“The revisionist right in Japan with the active encouragement, if not involvement, of the Abe government has succeeded in controlling NHK news, intimidating Asahi Shimbun and now academia,” says Koichi Nakano, a professor of political science at Sophia University.

Abe has presided over the mainstreaming of reactionary extremism in his quest to rewrite and rehabilitate Japan’s wartime past in Asia, and in doing so instigates widespread international criticism. Any other national leader who did the same for their nation’s egregious history would merit a similar reaction.

This past week, Hokusei Gakuen University in Sapporo moved to fire part-time lecturer Takashi Uemura, a former Asahi Shimbun journalist, because right-wing goons had threatened violence if he wasn’t removed. The university was reportedly inundated with threatening letters and phone calls demanding the teacher’s dismissal for his controversial articles in the 1990s about the comfort women system.

What started as a clash over history has morphed into a broader political battle over national identity and Japan’s democratic values. Nakano worries that “each time a university succumbs to right-wing intimidation, ‘success’ encourages more terrorist threats.”

Reactionaries maintain that the Asahi and its reporters tarnished Japan’s international reputation, but as Hokkaido University historian Philip Seaton explains, it is the “efforts by a small but powerful minority in Japan to deny atrocities that sullies Japan’s name in international eyes.”

These reactionaries are now inflicting infinitely more damage on Japan’s reputation than a handful of newspaper articles in the 1990s. It is scandalous that the so-called Net Right (netto uyoku) of extremists, lurking behind pseudonyms and spewing ill-informed vitriol on the Internet, are eroding democratic freedoms, censoring inconvenient truths and degrading Japan’s dignity.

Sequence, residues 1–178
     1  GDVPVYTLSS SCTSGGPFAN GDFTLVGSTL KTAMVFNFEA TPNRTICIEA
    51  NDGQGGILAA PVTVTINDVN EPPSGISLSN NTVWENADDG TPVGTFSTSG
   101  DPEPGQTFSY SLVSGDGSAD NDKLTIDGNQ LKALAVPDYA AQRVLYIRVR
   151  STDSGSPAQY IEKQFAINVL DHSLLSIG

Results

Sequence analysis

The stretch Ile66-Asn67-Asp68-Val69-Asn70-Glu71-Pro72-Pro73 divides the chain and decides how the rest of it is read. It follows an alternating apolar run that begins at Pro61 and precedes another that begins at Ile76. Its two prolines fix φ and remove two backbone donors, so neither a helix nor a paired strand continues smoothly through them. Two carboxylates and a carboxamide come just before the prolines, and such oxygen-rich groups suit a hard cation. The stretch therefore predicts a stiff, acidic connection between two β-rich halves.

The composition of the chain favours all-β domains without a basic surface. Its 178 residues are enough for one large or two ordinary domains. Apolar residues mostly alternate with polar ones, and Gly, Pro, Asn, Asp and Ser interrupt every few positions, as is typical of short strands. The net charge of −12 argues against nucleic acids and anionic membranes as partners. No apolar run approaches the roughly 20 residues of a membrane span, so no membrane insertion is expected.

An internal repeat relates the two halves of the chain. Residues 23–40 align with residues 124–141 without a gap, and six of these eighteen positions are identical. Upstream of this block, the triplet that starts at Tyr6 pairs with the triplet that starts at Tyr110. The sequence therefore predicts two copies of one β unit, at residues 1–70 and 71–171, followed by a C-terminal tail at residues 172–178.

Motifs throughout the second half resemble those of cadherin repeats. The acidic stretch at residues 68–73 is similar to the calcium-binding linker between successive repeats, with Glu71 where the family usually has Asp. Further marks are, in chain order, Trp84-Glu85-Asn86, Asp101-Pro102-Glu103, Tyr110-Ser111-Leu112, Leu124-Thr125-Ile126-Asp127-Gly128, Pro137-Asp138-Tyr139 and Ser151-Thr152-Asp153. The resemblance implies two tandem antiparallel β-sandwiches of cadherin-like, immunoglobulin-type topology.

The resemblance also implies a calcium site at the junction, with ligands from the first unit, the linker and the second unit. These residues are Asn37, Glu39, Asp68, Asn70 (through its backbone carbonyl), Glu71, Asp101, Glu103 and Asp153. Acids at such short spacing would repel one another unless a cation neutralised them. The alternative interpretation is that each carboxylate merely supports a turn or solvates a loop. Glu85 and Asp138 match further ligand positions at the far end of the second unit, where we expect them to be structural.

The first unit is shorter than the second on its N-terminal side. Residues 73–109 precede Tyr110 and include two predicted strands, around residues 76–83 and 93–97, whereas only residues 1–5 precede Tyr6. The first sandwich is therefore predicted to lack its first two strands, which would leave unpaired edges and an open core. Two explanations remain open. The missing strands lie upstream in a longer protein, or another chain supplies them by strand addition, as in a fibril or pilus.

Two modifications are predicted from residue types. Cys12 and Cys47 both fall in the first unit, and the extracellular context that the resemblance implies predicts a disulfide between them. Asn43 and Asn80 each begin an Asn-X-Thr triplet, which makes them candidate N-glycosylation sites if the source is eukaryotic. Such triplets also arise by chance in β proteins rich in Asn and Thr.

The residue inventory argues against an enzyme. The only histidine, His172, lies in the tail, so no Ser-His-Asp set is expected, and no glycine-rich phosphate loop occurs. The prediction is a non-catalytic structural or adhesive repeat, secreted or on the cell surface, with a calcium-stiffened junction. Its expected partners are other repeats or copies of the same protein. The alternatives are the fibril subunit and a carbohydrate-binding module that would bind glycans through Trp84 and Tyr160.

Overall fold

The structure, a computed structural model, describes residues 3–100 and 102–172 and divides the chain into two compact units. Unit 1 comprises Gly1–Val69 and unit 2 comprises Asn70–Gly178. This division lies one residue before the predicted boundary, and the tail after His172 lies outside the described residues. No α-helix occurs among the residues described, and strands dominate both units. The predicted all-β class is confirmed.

As Martin Fackler of the New York Times recently wrote (Oct. 29), these cyberactivists “have gained an outsize influence with the rise of Prime Minister Shinzo Abe’s conservative government, which shares the goal of ending negative portrayal of Japan’s history, and with the acquiescence of a society too uninterested or scared to speak out.”

Fackler goes on to note several examples around Japan where the Net Right has imposed its agenda through thuggery.

Japan’s cyber-terrorists sound like religious extremists, threatening “divine retribution” in the form of gas canisters packed with nails. By stopping towns from erecting repentant war memorials, caterwauling on the Internet and scaring employers into firing “undesirables,” these vigilantes represent Japan in jackboots. It is like the 1930s, when ultranationalists hounded respected academics such as Tatsukichi Minobe and Tadao Yanaihara from their posts.

The Net Right embodies Japan’s 21st-century McCarthyism, from an era when communist hysteria in the United States unleashed a witch hunt that trampled on democratic freedoms.

“Defending academic freedom must be sacrosanct,” Seaton says. “To terminate the ex-Asahi reporter’s contract simply sends the message that ‘intimidation works.’ This incident could initiate a dangerous slide toward the muzzling and dismissal of researchers working on sensitive issues.”